Motivation. Let’s say that there is a relationship between GDP per capita and life expectancy. Maybe god has declared a perfect formula describing this relationship:

While we humans may never truly know the parameters of the formula, and , we can still make a good guess about it. Therefore, assuming this is a linear relationship, we have the Bivariate Ordinary Least Squares Model.

where are observations (=regressors). The OLS algorithm will minimize the squared sum of residuals:

where . Note the square.

thm. Parameter OLS Estimator for observations


  • Predictor:
  • Residual: is the estimator for the error term, i.e. how good the predictor is.
    • i.e. the mean of residuals is zero in OLS algorithm.
  • OLS results in assuming that is exogenous, i.e. .
  • Regression Variance: where is the number of parameters ( in this case)
    • basically the Mean Squared Error. The lower the better.
    • is also the standard error of the residuals.
    • In Stata, is called the Root MSE

Evaluation of Estimators.

  • Mean of :
    • Thus bias is
    • If then exogenous (this is the definition of exogeniety)
    • If then there’s some 3rd factor positively correlated with , thus bias is positive.
    • If then v.v.
    • & Thus the bias characterizes exogeniety
  • Variance of :
    • This is also called precision
    • is also called standard error of .
    • ! For random variables, is called standard deviation. For estimator random variables, it is called standard error. An abuse of terminology.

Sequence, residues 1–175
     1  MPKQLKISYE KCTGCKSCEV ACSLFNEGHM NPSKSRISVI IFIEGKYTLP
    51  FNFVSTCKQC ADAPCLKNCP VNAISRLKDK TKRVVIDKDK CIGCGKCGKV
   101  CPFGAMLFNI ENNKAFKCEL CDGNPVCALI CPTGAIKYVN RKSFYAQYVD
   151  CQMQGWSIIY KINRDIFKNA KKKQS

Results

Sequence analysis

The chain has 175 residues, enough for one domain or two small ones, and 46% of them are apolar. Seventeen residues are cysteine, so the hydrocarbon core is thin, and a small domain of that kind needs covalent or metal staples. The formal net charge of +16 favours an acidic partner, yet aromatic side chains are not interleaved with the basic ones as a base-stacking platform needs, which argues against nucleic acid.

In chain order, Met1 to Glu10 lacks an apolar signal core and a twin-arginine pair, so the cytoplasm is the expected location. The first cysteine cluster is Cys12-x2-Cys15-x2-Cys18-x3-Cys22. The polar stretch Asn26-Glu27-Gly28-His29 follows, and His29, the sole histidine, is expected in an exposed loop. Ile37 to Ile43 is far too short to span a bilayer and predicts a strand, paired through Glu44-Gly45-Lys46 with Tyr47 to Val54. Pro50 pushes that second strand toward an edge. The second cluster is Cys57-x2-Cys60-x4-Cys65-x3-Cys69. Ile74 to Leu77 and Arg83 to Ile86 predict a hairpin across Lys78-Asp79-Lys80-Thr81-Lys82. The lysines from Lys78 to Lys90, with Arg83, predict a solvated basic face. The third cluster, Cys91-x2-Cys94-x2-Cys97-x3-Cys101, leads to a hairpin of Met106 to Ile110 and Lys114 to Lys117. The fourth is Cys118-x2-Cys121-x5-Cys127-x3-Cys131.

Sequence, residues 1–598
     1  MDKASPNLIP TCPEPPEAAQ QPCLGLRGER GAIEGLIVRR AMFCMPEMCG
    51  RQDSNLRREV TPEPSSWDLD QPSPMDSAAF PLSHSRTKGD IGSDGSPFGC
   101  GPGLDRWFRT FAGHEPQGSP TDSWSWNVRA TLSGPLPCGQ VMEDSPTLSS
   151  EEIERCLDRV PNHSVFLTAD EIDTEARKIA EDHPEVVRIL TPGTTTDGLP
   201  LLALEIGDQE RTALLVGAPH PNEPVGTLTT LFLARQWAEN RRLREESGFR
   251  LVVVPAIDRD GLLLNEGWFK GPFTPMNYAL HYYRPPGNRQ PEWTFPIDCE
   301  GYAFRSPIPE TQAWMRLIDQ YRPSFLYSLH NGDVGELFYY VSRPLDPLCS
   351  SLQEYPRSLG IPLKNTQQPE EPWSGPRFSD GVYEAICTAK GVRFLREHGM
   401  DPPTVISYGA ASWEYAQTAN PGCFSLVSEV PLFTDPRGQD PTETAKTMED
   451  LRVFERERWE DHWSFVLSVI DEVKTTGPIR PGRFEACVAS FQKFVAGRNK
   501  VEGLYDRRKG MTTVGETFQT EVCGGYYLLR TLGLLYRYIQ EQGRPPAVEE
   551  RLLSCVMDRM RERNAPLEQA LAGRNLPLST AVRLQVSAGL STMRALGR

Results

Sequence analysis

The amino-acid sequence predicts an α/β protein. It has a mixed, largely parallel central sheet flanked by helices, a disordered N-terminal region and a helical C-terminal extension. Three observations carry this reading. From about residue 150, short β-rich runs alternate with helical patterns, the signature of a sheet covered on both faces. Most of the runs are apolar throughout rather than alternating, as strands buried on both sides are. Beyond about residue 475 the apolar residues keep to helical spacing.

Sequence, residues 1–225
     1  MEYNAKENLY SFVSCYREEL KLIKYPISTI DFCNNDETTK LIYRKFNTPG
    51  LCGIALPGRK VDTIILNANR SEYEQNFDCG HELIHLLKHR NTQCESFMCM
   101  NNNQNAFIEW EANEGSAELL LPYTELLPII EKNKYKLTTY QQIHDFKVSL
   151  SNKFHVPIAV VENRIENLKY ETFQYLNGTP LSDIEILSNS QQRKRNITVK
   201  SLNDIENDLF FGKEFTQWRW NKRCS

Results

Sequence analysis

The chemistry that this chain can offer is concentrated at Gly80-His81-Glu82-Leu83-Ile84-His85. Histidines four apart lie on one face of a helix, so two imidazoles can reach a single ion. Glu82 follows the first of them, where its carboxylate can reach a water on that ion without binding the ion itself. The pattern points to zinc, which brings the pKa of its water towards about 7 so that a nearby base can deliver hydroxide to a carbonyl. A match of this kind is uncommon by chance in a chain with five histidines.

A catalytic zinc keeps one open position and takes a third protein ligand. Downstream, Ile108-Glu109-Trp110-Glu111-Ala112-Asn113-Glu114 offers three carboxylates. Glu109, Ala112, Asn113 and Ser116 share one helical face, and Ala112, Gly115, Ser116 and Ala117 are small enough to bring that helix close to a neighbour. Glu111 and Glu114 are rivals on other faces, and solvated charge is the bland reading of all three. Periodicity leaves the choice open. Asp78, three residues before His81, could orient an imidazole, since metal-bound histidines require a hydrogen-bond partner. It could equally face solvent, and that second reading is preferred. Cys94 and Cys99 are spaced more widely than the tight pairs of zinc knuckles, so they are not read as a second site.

Other Data when Regression is Run

There are a bunch of other variables that may matter, that is not included in the above core set of variables of the regression. Here are a few:

def. Coefficient of Determination (R-Squared). Intuition: The proportion of the variation in that can be determined from . We define it as:


  • residual sum of squares
  • total sum of squares

Example. A of means that around of the variation in is explained by . Therefore, the higher it is, the better the regression is (=has more explanatory power).

Remark. It can also be shown that:

Measurement Error

Motivation. There are measurement errors in every data; it can be both in the independent variable or the dependent variable . We can characterize measurement error (in this case a measurement error in ) as:

where is randomly distributed with and std. dev. , which is the measurement error. In this case, the regression in the model will also change, into:

We can extract a couple of facts from this relationship:

  • Attenuation bias: the greater the , the closer is to zero.
  • if then , i.e. no measurement error

Alternatively, if there is a measurement error in , then:

  1. Measurement error: where and std. dev.
  2. Error term is absorbed by error term
  3. This will increase (variance of regression) and thus , but does not bias the estimator.

Issues to Watch out for

Heteroskedasticity is when the variance of data is different for some subsets of data than other subsets. ⇒ Use heteroskedatic-consistent standard errors by using robust in stata. This does not affect value of (how!) and does not bias it.

Autocorrelation often occurs in time series data where the error terms are sticky. For example, attendance at a NY yankees game will be sticky, because people who watched a good year will probably come back next year, even if the yankees aren’t as good as the year before. → used lagged variables